Our aim was not to present a definitive ranking of best small towns (that would take us years to agree on) but a collection of under-the-radar places that are forging new identities through revitalization, reinvention, or recovery from big setbacks. We wanted our list to inspire discovery, so we skipped the small towns that already have well-established claims to fame—Lockhart for barbecue, Round Top for antiques, Fredericksburg for wine and peaches, Bandera for cowboy culture.
In a state where the stars at night are known for being big and bright, summer is the optimal time for viewing the Milky Way, when it is high in the southern sky and viewable through much of the night. State parks—such as Pedernales Falls State Park near Johnson City, where the night sky reflects in the still waters of the Pedernales River—are often far enough from light pollution for decent observation. Some of the best state parks for nighttime viewing are Big Bend Ranch, Enchanted Rock, Copper Breaks, and South Llano River, which are all designated International Dark Sky Parks by the International Dark-Sky Association.
As the season winds down, you may feel like you’ve hit a wall on summertime travel. But maybe a “wall” is just what you need…
a Rockwall. With its vast lake, tasty food, and even a Texas-size mystery, this Dallas suburb is one wall you won’t mind running into.
If you love Texas outdoors, how could you not know the Frio?
Well, maybe you’re one of the millions of newcomers who just got to Texas. Or perhaps you’ve lived in Texas your entire life and, unlike all those people whose families have been vacationing on the Frio for generations, you have no clue what or where they are talking about. Never stepped foot in Garner State Park? Think Concan is in Mexico? Well, pull up a chair and scoot closer.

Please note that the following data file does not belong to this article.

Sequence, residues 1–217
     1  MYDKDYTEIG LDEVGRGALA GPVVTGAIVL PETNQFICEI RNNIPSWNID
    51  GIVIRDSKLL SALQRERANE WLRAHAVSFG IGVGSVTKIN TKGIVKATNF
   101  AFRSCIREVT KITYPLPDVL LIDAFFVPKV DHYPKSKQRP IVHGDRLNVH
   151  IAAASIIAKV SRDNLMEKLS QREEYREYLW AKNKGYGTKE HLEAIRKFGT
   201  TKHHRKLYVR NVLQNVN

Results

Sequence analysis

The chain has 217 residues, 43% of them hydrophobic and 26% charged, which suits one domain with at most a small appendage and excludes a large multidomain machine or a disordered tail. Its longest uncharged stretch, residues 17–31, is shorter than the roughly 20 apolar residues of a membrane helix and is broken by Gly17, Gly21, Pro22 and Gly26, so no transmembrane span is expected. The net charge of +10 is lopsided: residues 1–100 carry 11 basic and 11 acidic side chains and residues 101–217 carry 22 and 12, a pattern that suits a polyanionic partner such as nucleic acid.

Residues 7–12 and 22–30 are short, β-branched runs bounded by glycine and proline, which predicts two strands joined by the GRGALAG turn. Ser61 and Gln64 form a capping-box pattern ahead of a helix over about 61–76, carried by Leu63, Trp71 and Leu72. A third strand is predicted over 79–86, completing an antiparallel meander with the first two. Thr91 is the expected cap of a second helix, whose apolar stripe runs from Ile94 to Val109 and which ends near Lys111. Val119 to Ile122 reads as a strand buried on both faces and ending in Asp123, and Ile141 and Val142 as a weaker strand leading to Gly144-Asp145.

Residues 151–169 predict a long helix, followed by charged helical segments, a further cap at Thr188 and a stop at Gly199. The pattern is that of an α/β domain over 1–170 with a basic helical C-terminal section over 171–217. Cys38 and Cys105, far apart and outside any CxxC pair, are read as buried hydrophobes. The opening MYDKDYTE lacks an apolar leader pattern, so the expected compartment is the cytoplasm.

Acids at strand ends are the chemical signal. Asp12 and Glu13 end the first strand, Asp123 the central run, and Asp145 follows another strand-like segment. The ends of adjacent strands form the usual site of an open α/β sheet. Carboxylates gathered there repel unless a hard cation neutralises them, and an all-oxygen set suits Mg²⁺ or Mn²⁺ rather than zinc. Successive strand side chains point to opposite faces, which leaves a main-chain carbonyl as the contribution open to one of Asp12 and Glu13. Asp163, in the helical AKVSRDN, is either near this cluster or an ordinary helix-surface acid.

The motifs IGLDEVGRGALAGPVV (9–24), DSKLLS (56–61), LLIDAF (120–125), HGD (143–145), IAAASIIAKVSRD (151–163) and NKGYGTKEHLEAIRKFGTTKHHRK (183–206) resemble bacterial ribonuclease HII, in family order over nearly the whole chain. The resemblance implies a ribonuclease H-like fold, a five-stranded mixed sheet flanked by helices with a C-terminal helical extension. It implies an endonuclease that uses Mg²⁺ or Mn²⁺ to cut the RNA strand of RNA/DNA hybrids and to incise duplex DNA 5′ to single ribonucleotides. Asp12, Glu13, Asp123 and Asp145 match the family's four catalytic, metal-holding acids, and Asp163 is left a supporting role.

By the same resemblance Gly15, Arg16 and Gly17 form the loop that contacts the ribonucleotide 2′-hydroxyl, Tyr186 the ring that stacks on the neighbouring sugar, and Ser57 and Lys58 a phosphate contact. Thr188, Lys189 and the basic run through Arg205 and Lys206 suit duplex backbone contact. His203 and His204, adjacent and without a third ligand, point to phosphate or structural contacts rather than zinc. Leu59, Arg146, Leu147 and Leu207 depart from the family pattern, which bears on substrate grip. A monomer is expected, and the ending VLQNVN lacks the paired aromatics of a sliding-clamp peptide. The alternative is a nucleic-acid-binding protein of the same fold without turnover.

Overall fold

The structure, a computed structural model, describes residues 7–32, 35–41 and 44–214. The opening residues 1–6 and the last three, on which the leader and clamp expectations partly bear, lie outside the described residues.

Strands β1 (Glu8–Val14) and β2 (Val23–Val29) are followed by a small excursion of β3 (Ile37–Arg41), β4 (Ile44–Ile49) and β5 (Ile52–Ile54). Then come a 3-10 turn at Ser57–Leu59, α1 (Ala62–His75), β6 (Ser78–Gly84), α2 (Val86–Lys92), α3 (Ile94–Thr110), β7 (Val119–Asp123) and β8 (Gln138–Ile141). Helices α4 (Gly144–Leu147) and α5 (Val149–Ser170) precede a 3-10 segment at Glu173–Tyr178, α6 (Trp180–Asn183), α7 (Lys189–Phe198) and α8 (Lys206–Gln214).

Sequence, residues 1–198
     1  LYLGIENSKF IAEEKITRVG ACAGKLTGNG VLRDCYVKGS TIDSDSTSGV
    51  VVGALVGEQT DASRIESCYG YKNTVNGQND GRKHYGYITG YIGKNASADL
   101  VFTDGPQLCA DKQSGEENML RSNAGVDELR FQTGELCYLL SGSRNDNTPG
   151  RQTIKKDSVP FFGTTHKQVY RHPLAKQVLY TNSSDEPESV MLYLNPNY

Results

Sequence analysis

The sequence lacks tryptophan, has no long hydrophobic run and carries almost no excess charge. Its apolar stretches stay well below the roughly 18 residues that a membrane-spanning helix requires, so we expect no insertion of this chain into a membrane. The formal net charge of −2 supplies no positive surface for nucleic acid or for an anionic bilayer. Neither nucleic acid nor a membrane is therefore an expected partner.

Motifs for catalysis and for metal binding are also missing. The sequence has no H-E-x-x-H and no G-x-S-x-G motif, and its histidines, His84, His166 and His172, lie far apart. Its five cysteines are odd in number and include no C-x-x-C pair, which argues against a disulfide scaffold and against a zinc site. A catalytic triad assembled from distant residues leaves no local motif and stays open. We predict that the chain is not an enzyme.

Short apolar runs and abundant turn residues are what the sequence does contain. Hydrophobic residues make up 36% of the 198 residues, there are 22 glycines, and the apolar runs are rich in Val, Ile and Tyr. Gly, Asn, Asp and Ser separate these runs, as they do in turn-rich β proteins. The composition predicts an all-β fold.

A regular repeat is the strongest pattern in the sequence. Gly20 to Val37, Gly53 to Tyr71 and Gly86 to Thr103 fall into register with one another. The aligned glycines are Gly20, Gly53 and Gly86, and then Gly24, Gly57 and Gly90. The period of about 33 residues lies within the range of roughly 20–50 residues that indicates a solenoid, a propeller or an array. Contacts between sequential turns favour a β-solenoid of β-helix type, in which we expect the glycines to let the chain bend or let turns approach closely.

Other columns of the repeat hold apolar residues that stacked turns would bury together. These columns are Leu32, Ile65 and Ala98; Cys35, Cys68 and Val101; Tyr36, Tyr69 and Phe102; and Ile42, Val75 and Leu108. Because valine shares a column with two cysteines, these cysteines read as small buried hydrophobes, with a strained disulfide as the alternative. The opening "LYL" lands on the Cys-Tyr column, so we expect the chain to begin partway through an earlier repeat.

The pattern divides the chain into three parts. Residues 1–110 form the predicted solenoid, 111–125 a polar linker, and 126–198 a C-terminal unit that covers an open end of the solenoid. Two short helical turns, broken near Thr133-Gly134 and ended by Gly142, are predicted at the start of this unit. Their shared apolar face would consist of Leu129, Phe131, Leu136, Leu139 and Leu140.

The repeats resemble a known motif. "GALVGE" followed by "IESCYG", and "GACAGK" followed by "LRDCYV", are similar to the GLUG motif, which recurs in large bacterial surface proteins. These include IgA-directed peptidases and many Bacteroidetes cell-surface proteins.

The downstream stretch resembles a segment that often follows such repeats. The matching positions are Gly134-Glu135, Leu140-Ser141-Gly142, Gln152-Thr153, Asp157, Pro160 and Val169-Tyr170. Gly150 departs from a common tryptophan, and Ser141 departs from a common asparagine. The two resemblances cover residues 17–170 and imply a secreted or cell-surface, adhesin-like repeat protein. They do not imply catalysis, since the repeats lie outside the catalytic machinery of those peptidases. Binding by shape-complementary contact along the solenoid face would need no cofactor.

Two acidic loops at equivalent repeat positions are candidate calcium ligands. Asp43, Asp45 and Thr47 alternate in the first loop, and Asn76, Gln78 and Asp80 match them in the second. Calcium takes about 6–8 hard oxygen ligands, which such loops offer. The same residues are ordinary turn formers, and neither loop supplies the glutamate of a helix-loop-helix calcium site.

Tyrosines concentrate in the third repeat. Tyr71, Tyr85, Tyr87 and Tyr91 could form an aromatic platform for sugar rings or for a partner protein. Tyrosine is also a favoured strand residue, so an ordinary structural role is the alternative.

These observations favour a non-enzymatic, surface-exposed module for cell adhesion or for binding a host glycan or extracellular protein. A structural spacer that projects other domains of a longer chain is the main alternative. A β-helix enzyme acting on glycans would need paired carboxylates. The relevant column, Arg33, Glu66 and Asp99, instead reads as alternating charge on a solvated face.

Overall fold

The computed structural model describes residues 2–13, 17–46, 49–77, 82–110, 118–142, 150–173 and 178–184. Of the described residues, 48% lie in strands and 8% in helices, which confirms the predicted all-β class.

Each evening between late February and late October, as the sun hits the horizon line, experts estimate that somewhere between 750,000 and 1.5 million Mexican free-tailed bats leave the nooks and crannies of this downtown bridge’s interior to go a-hunting. And each evening over that same eight-month span, hundreds of people line the bridge’s walkway, as well as any open spaces nearby, to take it all in. Most locals suggest claiming space hours before sunset in order to get a good view. But a few hours in the hot sun with nothing to do but wait? That seemed like a situation that would violate all three of our family getaway hopes fairly quickly.
A lot of lore surrounds the naming of Devil’s Waterhole along a northeast branch of Inks Lake State Park near Burnet: One legend says the land’s previous owner was known to curse loudly whenever his wagon got stuck crossing it, while others believe Native Americans originally named it for its warmer waters. While the source of the name is unconfirmed, there’s no question that it’s a popular natural swimming area for daredevils. It can only be reached from inside the park by either hiking the quarter-mile Devil’s Waterhole Trail or by paddling along Inks Lake. Upon arrival, hikers and paddlers are greeted by the park’s metamorphic rock, Valley Spring Gneiss, with ledges rising up to 40 feet above the water.